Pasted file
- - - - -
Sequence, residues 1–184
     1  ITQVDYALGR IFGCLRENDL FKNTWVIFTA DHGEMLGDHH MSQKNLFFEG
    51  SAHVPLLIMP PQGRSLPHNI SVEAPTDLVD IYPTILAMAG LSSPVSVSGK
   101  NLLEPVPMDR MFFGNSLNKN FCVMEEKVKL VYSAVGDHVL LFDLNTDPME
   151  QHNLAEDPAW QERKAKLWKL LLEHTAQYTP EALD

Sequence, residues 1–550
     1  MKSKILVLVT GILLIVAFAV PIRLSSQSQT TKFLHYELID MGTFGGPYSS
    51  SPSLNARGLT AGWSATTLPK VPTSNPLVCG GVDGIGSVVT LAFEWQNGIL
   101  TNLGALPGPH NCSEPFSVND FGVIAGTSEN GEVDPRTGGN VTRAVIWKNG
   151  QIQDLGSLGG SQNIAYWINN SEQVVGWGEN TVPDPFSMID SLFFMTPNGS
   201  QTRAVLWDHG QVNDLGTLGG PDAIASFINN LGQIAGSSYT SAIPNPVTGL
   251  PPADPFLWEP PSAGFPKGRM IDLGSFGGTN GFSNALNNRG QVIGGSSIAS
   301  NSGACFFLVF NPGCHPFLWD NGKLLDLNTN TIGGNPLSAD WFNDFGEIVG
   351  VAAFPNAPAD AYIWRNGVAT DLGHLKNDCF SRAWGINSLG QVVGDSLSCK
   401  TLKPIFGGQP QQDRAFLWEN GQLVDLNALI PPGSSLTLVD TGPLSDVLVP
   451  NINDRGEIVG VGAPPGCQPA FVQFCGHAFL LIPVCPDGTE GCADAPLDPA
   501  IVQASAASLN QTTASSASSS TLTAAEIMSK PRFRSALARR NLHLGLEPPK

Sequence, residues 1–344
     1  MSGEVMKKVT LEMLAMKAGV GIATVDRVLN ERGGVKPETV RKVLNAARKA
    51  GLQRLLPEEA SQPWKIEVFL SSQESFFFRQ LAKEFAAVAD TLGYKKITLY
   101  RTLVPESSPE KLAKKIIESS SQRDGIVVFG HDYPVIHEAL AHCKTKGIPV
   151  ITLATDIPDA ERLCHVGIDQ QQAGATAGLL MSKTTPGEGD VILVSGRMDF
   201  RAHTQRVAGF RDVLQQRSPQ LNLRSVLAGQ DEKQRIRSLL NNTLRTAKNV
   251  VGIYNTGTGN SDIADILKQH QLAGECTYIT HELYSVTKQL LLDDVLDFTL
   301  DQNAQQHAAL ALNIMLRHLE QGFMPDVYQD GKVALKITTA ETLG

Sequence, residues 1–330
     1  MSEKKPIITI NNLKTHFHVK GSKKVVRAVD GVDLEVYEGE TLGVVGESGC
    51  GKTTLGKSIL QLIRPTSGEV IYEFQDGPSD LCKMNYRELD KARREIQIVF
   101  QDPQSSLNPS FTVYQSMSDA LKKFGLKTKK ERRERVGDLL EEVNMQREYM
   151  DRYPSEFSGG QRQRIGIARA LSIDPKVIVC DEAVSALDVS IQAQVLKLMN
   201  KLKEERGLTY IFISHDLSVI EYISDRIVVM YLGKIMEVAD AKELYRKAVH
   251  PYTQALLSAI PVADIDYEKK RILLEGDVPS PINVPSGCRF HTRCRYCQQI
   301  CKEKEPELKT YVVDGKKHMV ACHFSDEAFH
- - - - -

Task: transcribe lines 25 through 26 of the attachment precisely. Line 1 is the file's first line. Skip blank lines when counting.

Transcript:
   301  DQNAQQHAAL ALNIMLRHLE QGFMPDVYQD GKVALKITTA ETLG

Sequence, residues 1–330